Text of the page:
If you’re an artist, you’ve probably heard about Pantone’s Color of the Year: Ultra Violet. This purple has deep blue undertones and, surprisingly, can actually be found in nature. You can expect to see Ultra Violet everywhere — from phone cases to fashion to ads. I am very excited to see the switch from pink to purple, and hopefully, you are too.

Negative Space

Many artists have completed a project and found that their drawings look flat. Negative space is a great way to help images pop without going too out-of-the-box. You can expect to receive positive feedback on any well-designed project with negative space utilization.

Moody Tones

The 80s and 90s are back in full-swing, as you’ll see in many artists’ palettes. Moody tones reflecting intense emotion are going to make a comeback this year, and it will be a nice change from the pastels of previous years. This trend will extend beyond graphic design; you might even see it crop up in hair salons around the country.


Everyone knows what a GIF is, and cinemagraphs are a GIF’s refined older cousin. Chances are, you’ve seen a cinemagraph around the web already. They look like static images, but there is always one element that is moving. A classic example is a candle. The background and the candle itself are static, but the flame flickers. Cinemagraphs are going to show up more frequently and will be used to highlight key aspects of an image or a brand.


Although these last few years with sans serifs have been fun, it is time to bring back some classic serif fonts! Modern serifs, reminiscent of mid-century advertisements, will appear on many mainstream websites and ads. However, each brand will carefully decide on which font reflects them best, and we will see a wide utilization of obscure or custom fonts as the year progresses.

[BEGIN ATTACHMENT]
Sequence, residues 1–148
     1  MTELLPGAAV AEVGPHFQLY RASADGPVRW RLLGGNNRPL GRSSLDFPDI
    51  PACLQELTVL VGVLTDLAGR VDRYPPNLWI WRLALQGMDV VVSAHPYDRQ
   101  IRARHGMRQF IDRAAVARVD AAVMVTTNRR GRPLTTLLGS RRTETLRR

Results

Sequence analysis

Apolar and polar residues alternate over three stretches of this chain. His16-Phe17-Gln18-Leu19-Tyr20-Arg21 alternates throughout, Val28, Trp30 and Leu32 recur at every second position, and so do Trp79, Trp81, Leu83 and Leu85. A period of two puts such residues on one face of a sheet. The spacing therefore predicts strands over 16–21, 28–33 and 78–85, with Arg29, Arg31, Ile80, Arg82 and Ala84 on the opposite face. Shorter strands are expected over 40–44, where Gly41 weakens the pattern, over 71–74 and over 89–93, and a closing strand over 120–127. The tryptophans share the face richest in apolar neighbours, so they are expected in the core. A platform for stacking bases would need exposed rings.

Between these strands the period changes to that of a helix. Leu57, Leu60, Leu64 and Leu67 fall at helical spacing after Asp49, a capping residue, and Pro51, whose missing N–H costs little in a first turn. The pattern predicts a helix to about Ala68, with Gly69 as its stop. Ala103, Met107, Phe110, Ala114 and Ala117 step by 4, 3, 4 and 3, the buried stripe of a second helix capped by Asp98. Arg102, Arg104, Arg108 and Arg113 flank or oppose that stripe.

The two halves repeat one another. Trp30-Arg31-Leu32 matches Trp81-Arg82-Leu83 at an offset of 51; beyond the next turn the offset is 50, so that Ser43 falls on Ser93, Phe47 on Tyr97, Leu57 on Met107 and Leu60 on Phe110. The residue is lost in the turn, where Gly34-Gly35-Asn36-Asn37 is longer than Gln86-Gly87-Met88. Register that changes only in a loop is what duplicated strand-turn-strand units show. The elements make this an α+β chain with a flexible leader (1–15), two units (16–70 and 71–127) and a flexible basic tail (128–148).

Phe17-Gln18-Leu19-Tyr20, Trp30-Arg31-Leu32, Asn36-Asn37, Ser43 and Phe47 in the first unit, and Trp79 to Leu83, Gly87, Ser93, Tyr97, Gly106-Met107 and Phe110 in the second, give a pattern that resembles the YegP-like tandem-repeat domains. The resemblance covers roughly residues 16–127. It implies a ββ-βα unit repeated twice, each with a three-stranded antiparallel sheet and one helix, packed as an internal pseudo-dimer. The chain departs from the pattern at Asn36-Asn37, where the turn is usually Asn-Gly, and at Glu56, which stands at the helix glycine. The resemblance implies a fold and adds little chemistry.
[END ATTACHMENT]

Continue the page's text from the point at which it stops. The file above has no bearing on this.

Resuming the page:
Nearly every field has overall trends in any given year, but the trends in graphic design have the power to shape our perspective of the world. This weekend, we may have the chance to see some of these trends in action during the height of advertising: the Super Bowl. Let’s see how many of these trends we can tick off in one week.

4 Tips on Making a Living as a Graphic Designer

Graphic designers, like many people in the arts, are constantly questioned about how they can make a living in their field. With cutthroat competition, it can seem nearly impossible to live your dreams and make enough money. Today, I’m here to calm your fears and let you know that it is possible to make money as a graphic designer, as long as you follow some advice.

Tip 1: Create a Brand

Creating an identity for yourself in your field is necessary, whether you’re a graphic designer or not. However, it’s doubly as important when you’re a freelance artist because there is such fierce competition. Projecting yourself as an expert in one niche of graphic design is an excellent way to show that you’re the best at what you do. It may be tempting to take every job possible, but if you can afford to market yourself in one area and only accept relevant jobs, it will give the impression that you are concentrated on doing the best work in your area.